What’s the difference between a tax and a duty, and does it really matter?
Interestingly - or not, depending on your point of view - duty is traditionally a levy on goods while tax is applied to individuals. Both hurt just the same.
Vehicle Excise Duty (which is neither one nor the other really because it’s an individual’s payment relating to a good – their car – they already own) is being reformed. It comprises something approaching forty different charging bands for everything from HGVs to Tricycles dependent on age and engine size or emission level. Frankly it’s bonkers, and just for good measure, from April Fools’ Day (I kid you not) the government is adding another seventeen new bands for newly registered vehicles.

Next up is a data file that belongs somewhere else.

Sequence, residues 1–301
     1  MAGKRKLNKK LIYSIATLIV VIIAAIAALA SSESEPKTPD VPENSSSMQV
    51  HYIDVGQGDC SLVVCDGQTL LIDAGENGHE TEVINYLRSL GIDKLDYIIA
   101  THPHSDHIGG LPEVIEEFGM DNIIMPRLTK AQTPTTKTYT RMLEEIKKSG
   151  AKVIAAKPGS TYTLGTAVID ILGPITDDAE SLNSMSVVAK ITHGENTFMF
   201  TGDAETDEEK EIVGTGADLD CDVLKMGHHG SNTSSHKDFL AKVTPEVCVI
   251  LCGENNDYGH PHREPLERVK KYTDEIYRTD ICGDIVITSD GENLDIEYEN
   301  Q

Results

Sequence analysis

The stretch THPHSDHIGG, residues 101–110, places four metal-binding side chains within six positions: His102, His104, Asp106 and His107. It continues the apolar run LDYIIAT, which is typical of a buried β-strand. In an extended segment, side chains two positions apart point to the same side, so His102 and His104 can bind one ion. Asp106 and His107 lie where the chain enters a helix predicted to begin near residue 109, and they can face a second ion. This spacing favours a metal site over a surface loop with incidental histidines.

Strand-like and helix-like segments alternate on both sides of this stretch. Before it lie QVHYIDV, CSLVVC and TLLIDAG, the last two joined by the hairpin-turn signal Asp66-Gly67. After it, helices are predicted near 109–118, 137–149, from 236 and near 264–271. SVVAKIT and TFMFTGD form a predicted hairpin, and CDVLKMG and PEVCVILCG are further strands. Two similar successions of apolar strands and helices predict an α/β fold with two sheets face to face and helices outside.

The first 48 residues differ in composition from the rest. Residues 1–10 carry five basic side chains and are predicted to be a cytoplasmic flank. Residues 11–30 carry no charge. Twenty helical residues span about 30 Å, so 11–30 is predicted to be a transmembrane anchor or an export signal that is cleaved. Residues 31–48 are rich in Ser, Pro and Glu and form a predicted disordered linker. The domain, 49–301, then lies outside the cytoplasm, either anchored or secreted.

A bit of history would be illuminating here. In 1888, the then Chancellor, George, 1st Viscount Goschen introduced two new vehicle duties the locomotive duty and the trade cart duty. Twenty-one years later, David Lloyd George announced that public roads would from now on be self-financing (that went well) and hypothecated vehicle taxes for that purpose. It never happened; Churchill, in particular, was notorious for snaffling road taxes for general spending and the pretence was finally given up in the 1950s.